Life insurers still falling short on their own code

29 June 2020

Some life insurers are still falling short of the expectations with respect to meeting their obligations to the Life Insurance Code of Practice, according to the latest Life Code Compliance Committee report released this month.

The report found that a number of life insurers appeared “not to be taking their obligations under the code seriously”.

In fact, the situation is so bad in some instances that the Committee found itself unable to publish what it described as meaningful insights into how life insurers had improved their compliance with the code.

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“The Committee’s intention was to publish a Report that would provide meaningful insights into how subscribers have improved their Code compliance since the Code came into formal operation in 2017,” the committee chair, Anne Brown said. “Unfortunately, inconsistencies in the content and quality of last year’s data and its collation has not enabled this to happen.”

The Committee was able to determine a number of key findings through the Report, including:

  • The Code’s smaller subscribers generally provided high-quality data but larger subscribers need to improve their data quality assurance and reporting.
  • Although recent improvements have been noted, the corporate culture of many subscribers appears not to align with the standards set out in the Code.
  • The effectiveness of subscribers’ staff training programmes and monitoring frameworks is questionable, as evidenced by the large volume of breaches caused by human error.
  • The under-reporting of breaches relating to claims decision timeframes indicates that subscribers lack sufficient processes for recording and reporting such breaches.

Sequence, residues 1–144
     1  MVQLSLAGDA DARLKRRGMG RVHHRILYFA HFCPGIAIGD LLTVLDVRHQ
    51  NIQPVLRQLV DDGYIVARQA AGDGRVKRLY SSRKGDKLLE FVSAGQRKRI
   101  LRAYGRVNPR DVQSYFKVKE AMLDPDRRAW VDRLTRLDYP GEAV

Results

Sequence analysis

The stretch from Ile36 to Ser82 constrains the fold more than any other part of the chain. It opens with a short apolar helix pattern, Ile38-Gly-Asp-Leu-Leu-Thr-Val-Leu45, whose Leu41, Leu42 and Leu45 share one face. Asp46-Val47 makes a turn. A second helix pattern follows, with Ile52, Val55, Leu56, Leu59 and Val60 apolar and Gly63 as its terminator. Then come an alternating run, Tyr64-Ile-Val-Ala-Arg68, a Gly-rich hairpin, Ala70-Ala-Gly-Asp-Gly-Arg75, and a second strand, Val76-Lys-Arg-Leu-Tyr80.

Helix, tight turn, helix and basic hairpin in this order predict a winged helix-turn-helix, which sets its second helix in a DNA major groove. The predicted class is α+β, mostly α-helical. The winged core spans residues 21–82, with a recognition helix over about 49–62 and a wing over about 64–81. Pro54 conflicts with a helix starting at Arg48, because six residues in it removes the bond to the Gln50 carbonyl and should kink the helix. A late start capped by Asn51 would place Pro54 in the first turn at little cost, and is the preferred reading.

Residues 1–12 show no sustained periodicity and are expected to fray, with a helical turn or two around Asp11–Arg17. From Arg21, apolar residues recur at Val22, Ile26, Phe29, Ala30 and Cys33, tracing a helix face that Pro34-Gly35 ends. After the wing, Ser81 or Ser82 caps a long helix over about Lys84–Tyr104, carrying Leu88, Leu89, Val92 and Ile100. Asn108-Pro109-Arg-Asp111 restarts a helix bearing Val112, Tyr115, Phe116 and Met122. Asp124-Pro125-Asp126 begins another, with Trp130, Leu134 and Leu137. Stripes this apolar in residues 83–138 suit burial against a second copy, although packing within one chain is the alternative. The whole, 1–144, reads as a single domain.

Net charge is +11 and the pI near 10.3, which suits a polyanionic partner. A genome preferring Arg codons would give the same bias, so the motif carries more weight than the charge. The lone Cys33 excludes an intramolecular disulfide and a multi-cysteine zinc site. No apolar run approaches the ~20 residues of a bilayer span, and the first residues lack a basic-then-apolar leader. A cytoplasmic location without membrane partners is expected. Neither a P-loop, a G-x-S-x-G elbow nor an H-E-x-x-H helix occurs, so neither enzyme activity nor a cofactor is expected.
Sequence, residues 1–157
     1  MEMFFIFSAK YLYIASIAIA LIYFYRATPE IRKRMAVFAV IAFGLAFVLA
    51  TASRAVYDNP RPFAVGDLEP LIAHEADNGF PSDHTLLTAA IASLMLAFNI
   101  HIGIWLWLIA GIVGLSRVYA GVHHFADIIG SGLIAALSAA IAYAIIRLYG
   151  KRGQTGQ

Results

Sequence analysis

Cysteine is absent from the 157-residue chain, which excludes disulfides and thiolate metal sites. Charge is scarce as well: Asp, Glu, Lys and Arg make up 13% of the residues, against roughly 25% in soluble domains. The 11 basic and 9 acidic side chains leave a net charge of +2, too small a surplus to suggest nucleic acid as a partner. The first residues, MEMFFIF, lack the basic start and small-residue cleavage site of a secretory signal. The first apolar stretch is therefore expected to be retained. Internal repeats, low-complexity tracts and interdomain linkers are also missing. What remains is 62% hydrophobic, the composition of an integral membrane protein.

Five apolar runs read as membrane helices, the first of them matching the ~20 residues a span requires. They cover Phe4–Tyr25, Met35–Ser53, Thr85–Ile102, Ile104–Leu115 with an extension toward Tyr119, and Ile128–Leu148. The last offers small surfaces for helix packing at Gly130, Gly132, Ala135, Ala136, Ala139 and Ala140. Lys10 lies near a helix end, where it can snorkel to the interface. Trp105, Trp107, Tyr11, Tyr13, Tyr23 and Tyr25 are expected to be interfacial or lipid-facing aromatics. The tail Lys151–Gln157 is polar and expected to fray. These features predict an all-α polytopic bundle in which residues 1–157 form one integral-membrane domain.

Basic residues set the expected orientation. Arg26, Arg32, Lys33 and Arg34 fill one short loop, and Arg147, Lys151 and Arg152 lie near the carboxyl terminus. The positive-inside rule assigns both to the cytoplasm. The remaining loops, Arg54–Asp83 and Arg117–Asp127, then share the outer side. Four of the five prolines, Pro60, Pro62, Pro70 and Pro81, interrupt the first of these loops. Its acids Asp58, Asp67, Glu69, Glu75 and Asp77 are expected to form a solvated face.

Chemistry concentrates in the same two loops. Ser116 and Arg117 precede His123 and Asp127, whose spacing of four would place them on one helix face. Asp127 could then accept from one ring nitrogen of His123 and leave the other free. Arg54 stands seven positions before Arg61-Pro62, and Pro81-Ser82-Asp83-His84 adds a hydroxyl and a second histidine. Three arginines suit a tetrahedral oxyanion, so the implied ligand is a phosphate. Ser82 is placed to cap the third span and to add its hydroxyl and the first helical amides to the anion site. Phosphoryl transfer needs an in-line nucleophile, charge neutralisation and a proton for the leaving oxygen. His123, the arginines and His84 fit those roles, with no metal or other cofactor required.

• Increases in claims-related complaints and claims handling timeframes show that subscribers need to improve their claims management processes.

Commenting on the release of the code, Financial Services Council chief executive, Sally Loane, noted examples of where the industry had improved markedly over the past 12 months, including investment in new systems, including management systems that had code monitoring and reporting embedded in them.

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Insurance companies have been engaging client doctors and suggesting OT's get involved with a clients treatment without consent and without the client being present regarding treatment or discussion of current treatment plan. the insurance companies are trying to push the clients back to work. I have a case right now with a client that has rheumatoid arthritis and they are trying to do this

I was recently dealing with a claim and advised the claims manager that he had breached the code timescales twice. He wasn't aware of them and didn't care anyway. I thought about complaining to the FSC but what would be the point? They would do nothing. Not a single FSC member has ever had any financial re-course from breaching the code, so what is the point of the code when its not enforceable?
The insurers need to be government regulated and the sorry FSC need to pack their bags and disappear.

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